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This November, the voters of Massachusetts will be asked to decide whether we want to change our voting system. Question 2 is being pushed by a handful of wealthy out of state donors who are desperately trying to convince you that ranked choice voting (RCV) is a “fairer” system.
Ranked Choice Voting eliminates the long standing principle of one person, one vote. You will be asked to rank all of your choices in order of preference. Proponents of this ballot initiative say it’s as easy as 1,2,3 in their commercials, but imagine what it will be like to rank eight, nine, or 10 candidates in a primary election. Proponents say you can vote for only one candidate if you choose. What they don’t tell you is that if you do this and your candidate is eliminated, your ballot will be considered “exhausted” (i.e. discarded) and you will have no say in the subsequent rounds of reallocation.
If no candidate receives more than 50 percent of the vote in the first round, the ballots will be taken to a central tabulation facility. After the data is entered the ballots will go through a computerized reallocation process. The candidate with the fewest votes is eliminated. The eliminated candidate’s voters get a “do over” and their votes are reallocated to their next choice candidate. And on and on this process goes until someone gets a faux majority.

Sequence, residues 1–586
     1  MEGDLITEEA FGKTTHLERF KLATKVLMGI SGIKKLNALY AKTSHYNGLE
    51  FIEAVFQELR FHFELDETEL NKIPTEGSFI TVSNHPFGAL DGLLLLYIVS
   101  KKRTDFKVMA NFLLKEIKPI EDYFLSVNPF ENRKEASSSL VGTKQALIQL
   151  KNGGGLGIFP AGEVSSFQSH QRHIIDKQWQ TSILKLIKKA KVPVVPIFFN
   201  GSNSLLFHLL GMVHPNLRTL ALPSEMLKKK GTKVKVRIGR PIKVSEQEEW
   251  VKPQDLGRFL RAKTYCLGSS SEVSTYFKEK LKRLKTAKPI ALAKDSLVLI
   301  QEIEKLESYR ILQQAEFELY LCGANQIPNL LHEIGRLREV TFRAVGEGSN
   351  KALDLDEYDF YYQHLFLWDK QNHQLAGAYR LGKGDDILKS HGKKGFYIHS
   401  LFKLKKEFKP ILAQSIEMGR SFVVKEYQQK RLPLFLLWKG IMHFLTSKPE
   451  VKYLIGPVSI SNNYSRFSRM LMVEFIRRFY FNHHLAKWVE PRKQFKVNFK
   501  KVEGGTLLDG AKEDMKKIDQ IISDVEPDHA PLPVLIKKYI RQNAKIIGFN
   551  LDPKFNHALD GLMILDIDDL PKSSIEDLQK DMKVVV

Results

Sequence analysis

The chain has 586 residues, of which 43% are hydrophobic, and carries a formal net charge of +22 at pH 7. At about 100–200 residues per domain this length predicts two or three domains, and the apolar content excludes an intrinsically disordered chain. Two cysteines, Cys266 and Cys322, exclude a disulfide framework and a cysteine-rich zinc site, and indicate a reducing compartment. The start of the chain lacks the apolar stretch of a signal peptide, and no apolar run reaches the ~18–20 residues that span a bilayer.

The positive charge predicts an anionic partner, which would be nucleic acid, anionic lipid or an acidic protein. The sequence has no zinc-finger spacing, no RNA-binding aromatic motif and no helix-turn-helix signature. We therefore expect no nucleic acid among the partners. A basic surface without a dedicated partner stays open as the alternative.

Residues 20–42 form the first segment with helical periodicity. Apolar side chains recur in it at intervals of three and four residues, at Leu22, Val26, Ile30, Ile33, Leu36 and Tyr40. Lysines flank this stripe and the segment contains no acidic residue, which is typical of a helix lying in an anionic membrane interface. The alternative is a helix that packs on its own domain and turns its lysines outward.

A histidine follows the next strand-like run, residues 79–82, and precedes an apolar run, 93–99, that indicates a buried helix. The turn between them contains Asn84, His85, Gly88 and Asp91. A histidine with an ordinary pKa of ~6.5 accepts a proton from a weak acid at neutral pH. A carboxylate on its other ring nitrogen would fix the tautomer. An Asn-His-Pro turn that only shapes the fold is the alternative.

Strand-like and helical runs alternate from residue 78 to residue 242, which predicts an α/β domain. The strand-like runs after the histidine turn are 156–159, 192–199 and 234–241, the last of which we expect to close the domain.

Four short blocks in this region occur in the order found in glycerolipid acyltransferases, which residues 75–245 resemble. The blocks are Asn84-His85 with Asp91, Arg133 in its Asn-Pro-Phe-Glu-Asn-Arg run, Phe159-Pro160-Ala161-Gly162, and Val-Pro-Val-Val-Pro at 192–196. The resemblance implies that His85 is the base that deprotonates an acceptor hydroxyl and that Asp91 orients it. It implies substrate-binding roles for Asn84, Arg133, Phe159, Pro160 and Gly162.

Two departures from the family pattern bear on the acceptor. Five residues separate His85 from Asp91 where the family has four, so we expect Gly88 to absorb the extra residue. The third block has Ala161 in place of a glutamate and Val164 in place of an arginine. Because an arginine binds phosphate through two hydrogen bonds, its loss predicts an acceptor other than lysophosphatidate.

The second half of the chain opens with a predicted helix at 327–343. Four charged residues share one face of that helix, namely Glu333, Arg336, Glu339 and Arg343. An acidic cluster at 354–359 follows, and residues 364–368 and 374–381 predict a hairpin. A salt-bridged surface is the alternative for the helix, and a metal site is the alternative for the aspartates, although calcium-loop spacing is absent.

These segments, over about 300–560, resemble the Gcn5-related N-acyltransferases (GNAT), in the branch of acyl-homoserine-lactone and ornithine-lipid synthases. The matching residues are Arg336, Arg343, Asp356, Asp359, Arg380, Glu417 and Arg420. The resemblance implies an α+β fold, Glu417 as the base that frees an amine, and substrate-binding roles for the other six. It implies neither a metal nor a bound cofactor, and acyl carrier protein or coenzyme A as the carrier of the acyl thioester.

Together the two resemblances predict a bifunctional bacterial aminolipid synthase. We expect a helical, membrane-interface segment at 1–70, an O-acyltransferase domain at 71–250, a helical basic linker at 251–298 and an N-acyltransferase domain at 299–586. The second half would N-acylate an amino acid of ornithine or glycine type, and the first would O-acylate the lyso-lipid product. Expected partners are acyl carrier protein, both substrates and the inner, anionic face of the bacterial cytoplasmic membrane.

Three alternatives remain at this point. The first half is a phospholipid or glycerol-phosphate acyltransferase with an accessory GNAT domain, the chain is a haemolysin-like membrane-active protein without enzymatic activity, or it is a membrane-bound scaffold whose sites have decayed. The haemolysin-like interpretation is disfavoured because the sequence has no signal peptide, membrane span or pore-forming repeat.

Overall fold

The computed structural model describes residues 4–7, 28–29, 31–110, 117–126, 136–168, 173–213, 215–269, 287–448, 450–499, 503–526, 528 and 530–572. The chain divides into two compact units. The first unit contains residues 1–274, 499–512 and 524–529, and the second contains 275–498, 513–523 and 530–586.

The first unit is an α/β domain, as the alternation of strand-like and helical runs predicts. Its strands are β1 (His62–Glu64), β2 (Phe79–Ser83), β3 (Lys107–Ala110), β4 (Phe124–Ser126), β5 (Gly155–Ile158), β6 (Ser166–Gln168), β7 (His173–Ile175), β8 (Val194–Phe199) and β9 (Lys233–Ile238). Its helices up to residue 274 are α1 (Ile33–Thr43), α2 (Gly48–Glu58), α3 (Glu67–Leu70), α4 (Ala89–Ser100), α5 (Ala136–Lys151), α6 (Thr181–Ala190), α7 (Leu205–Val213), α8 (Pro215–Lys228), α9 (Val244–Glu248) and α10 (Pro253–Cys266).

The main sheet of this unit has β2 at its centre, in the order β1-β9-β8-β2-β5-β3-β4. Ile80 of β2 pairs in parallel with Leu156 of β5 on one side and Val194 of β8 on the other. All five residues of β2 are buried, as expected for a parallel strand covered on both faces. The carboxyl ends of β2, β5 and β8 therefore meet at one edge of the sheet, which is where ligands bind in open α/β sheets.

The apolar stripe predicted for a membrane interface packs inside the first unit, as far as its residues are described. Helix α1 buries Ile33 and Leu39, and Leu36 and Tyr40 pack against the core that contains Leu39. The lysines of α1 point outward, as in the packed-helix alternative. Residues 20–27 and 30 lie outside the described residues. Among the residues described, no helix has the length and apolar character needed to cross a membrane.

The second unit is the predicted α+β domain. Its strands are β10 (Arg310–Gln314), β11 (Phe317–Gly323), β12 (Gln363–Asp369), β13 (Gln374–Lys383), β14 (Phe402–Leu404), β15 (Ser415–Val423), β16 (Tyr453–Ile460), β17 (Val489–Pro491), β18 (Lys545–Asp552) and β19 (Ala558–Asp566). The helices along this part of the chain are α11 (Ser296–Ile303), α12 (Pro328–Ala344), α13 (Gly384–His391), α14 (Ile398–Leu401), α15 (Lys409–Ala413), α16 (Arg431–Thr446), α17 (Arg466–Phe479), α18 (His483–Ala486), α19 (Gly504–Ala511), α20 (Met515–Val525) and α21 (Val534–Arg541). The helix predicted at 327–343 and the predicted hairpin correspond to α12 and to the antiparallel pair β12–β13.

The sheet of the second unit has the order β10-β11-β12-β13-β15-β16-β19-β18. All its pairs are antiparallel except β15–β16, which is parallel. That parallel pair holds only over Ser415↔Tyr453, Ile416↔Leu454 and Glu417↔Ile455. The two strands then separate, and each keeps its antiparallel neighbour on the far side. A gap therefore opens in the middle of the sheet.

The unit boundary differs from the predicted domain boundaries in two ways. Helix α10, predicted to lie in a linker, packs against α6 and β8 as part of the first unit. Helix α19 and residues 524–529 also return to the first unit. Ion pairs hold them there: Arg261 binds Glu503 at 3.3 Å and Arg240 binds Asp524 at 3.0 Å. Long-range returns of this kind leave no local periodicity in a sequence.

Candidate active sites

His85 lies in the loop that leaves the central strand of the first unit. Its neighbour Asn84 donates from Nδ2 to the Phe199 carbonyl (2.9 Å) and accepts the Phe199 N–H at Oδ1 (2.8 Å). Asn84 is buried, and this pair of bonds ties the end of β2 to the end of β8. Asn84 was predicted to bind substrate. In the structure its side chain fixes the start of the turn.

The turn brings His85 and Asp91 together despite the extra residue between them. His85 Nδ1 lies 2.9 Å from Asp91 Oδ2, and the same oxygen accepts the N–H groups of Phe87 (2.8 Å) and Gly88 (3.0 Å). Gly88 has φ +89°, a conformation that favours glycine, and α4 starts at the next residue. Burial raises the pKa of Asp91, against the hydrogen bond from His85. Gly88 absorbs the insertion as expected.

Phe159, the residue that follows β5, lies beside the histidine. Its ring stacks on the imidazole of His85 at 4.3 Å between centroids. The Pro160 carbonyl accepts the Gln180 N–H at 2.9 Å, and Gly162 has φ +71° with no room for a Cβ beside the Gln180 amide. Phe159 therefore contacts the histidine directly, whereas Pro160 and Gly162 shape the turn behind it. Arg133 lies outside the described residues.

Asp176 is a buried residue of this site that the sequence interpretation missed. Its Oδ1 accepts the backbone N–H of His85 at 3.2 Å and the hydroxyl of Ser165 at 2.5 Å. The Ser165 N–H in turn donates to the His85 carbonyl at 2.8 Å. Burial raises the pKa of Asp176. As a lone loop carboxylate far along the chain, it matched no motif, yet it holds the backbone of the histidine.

Proponents of RCV claim that one of the key benefits of this system is that it “ensures majority support” but this is often not the case. In addition to not ranking all of the candidates, “over voting” is also a huge problem. This occurs when two candidates are selected for a choice instead of one. As such, the winner of a RCV election may have a majority of the votes that are left but not a majority of the votes originally cast. Candidates can win with very few first choice votes. Ranked choice voting allows for more marginal candidates to look like they have more support than they really do.
Ranked choice voting claims to be an instant runoff system but in a real runoff you would have the opportunity to learn about your final choices and then make an informed decision.
In a recent congressional election in Maine, it took nine days to determine the outcome with four candidates and 8,000 ballots were discarded. How long will it take if there are eight, nine, or ten? It is inevitable that more elections will be challenged when a winner is finally declared after this confusing process that is likely to be fraught with error.
Democrat Governors Jerry Brown and Gavin Newsom both vetoed RCV proposals. Jurisdictions such as Burlington, Vermont, Aspen, Colorado, Pierce County Washington, and the state of North Carolina have tried RCV and then repealed it. Let’s not make the same mistake they did. Keep voting simple and straightforward. Please join me in voting No on Question 2. — Cheryl Longtin, Chair, No 2 Ranked Choice Voting Committee